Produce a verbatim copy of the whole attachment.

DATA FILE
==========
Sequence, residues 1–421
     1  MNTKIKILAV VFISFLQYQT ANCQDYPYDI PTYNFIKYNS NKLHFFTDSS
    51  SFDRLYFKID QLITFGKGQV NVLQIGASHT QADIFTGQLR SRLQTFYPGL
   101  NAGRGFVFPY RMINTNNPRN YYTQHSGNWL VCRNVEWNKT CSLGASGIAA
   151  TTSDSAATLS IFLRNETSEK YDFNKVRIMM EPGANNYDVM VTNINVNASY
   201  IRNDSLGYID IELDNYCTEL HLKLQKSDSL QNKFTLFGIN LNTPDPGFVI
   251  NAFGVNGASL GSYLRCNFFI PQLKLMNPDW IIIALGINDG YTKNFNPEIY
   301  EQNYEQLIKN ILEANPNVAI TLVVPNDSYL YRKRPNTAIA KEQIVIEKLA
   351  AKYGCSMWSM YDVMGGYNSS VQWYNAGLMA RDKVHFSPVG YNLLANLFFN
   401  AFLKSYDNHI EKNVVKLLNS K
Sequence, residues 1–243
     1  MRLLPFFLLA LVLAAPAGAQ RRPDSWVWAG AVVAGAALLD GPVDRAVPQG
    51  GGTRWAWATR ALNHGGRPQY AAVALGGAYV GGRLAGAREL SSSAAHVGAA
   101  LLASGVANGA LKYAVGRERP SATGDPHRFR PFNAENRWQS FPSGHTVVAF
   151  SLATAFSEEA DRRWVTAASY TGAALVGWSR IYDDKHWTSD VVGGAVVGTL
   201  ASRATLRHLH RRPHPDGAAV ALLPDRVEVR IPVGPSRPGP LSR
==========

Sequence, residues 1–421
     1  MNTKIKILAV VFISFLQYQT ANCQDYPYDI PTYNFIKYNS NKLHFFTDSS
    51  SFDRLYFKID QLITFGKGQV NVLQIGASHT QADIFTGQLR SRLQTFYPGL
   101  NAGRGFVFPY RMINTNNPRN YYTQHSGNWL VCRNVEWNKT CSLGASGIAA
   151  TTSDSAATLS IFLRNETSEK YDFNKVRIMM EPGANNYDVM VTNINVNASY
   201  IRNDSLGYID IELDNYCTEL HLKLQKSDSL QNKFTLFGIN LNTPDPGFVI
   251  NAFGVNGASL GSYLRCNFFI PQLKLMNPDW IIIALGINDG YTKNFNPEIY
   301  EQNYEQLIKN ILEANPNVAI TLVVPNDSYL YRKRPNTAIA KEQIVIEKLA
   351  AKYGCSMWSM YDVMGGYNSS VQWYNAGLMA RDKVHFSPVG YNLLANLFFN
   401  AFLKSYDNHI EKNVVKLLNS K
Sequence, residues 1–243
     1  MRLLPFFLLA LVLAAPAGAQ RRPDSWVWAG AVVAGAALLD GPVDRAVPQG
    51  GGTRWAWATR ALNHGGRPQY AAVALGGAYV GGRLAGAREL SSSAAHVGAA
   101  LLASGVANGA LKYAVGRERP SATGDPHRFR PFNAENRWQS FPSGHTVVAF
   151  SLATAFSEEA DRRWVTAASY TGAALVGWSR IYDDKHWTSD VVGGAVVGTL
   201  ASRATLRHLH RRPHPDGAAV ALLPDRVEVR IPVGPSRPGP LSR